What's going on?
On Monday, Chinese telecoms giant Huawei (pronounced “wah-way”) cut its revenue forecast for this year and the next. Wuh-oh.
What does this mean?
Last year, Huawei’s revenue grew 20% to $104 billion as it overtook Apple in global smartphone shipments. But the company is now expecting sales to decline to “just” $100 billion in 2019 – significantly less than the $120 billion it was previously forecasting.
Huawei’s hurting from its recent addition to a US blacklist barring companies from trading with it without special permission. American suppliers are unable to sell to the Chinese company, and firms like Google and Facebook have cut it off from popular apps and services (including the Android smartphone operating system). US chipmaker Broadcom lowered its own revenue forecast last week, partially as a result of the ban.
Why should I care?
For markets: Huawei sure is unpopular.
America is no longer using Huawei for its 5G network rollout; Australia and New Zealand have also imposed bans on its next-gen data technology, and Canada is weighing its options. British telecoms company Vodafone decided to hang up on Huawei’s hardware in January. It’s since had to source 5G equipment from other – likely more expensive – suppliers, weighing on its earnings. Likewise, US companies that had been using Huawei’s wares are having to go, ahem, elseware. But security concerns make the alternative, for now, unthinkable…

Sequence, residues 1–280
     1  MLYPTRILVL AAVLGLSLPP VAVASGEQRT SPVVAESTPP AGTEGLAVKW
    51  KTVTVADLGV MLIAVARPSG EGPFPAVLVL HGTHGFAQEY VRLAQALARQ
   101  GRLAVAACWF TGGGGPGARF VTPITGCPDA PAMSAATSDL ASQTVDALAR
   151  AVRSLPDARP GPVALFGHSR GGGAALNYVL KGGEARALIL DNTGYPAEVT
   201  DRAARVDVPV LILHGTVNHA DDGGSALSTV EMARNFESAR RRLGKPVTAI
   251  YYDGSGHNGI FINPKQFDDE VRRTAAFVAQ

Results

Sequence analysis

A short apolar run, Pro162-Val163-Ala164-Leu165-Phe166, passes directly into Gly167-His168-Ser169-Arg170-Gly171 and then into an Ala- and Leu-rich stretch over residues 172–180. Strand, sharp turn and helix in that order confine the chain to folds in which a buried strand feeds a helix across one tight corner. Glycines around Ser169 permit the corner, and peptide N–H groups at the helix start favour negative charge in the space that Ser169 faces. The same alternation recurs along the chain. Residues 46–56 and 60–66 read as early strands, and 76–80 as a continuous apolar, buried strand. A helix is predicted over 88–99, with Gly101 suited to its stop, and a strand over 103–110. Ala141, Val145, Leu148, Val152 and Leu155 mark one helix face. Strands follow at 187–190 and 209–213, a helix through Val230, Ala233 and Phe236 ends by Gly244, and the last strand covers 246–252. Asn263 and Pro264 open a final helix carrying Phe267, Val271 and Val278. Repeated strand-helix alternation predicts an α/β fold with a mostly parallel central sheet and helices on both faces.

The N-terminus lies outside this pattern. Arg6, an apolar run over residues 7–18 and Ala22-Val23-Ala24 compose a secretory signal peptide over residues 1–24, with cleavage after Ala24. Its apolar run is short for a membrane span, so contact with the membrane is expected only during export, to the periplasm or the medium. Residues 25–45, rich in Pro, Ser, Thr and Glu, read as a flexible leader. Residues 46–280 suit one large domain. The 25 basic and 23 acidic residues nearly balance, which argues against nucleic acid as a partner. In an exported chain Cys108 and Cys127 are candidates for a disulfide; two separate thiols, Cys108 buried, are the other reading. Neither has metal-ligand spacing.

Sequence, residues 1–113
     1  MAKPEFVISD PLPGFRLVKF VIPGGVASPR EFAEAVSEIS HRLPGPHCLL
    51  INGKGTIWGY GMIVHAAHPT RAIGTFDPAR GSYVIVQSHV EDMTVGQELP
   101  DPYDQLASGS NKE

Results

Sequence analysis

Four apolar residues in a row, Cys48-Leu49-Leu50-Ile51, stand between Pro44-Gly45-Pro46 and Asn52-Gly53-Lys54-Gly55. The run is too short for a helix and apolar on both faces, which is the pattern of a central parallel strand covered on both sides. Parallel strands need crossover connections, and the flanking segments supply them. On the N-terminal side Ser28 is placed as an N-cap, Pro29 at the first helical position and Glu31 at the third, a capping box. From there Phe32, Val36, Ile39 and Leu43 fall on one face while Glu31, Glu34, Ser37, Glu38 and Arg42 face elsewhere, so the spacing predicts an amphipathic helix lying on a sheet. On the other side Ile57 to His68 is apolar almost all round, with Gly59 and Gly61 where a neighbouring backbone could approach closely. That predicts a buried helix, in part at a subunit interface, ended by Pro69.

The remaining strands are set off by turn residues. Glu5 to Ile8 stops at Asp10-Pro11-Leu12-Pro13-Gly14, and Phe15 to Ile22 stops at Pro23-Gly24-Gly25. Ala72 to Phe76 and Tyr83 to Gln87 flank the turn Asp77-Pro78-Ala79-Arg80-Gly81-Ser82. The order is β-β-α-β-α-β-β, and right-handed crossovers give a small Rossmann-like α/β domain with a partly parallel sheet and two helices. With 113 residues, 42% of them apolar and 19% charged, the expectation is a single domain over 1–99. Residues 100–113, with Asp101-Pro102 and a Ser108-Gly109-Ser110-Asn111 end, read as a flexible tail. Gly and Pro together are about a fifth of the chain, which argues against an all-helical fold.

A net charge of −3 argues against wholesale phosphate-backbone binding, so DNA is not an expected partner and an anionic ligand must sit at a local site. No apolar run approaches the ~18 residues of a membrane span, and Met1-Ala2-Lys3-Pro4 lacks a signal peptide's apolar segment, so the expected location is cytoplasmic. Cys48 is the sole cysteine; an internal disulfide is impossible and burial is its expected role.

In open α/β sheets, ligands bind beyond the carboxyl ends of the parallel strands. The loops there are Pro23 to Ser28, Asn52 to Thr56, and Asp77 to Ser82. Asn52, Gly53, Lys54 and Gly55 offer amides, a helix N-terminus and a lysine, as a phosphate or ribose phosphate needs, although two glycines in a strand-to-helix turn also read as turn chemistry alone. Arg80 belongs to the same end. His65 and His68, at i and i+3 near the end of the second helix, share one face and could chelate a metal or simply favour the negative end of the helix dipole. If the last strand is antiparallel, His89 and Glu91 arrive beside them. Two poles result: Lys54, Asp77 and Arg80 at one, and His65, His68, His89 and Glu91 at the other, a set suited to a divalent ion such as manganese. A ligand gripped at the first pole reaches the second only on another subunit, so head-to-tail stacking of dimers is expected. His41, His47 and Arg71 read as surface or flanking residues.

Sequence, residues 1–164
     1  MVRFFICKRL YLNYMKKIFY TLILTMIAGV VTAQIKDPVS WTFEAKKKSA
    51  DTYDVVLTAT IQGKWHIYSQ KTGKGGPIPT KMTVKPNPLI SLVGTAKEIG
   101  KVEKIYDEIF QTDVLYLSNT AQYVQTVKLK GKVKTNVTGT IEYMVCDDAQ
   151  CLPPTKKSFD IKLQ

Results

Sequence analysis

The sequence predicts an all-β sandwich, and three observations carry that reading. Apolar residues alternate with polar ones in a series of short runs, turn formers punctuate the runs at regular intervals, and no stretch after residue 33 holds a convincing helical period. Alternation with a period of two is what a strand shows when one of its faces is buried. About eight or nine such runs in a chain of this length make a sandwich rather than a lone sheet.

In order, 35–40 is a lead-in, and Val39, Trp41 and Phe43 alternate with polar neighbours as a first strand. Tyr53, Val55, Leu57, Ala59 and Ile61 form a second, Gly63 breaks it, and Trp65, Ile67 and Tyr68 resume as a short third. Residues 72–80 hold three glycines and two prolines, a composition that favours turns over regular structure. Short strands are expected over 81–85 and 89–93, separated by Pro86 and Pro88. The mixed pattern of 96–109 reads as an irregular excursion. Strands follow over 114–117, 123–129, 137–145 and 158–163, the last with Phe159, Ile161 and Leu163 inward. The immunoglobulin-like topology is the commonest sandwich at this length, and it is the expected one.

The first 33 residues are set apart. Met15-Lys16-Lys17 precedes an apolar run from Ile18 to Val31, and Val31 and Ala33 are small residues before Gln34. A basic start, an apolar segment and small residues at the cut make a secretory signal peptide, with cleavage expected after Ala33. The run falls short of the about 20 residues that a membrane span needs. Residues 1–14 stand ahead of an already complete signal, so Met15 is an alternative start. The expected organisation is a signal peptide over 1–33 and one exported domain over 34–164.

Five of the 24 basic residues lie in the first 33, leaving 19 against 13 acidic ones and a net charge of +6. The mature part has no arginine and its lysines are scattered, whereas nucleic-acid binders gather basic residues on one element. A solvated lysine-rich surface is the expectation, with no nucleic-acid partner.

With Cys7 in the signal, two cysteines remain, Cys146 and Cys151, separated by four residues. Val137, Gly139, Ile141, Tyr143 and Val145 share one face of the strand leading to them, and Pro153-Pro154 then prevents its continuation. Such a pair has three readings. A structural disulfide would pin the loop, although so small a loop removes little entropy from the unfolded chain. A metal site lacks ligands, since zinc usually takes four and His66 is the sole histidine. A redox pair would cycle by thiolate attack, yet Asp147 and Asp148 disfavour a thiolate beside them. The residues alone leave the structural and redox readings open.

The bigger picture: The 5G revolution is coming.
Huawei had invested heavily in 5G technology, with infrastructure spending outstripping Nordic rivals Nokia and Ericsson. But the company’s now on the back foot as 5G rolls out without it: one million people in South Korea climbed on board the 5G train in just 69 days, but only one carrier used Huawei tech. Germany, meanwhile, raised $7 billion last week selling 5G frequencies to four telecoms companies – apparently having learned its lesson from the ruinously expensive 3G auctions of 2000 that nearly broke the German telecoms market.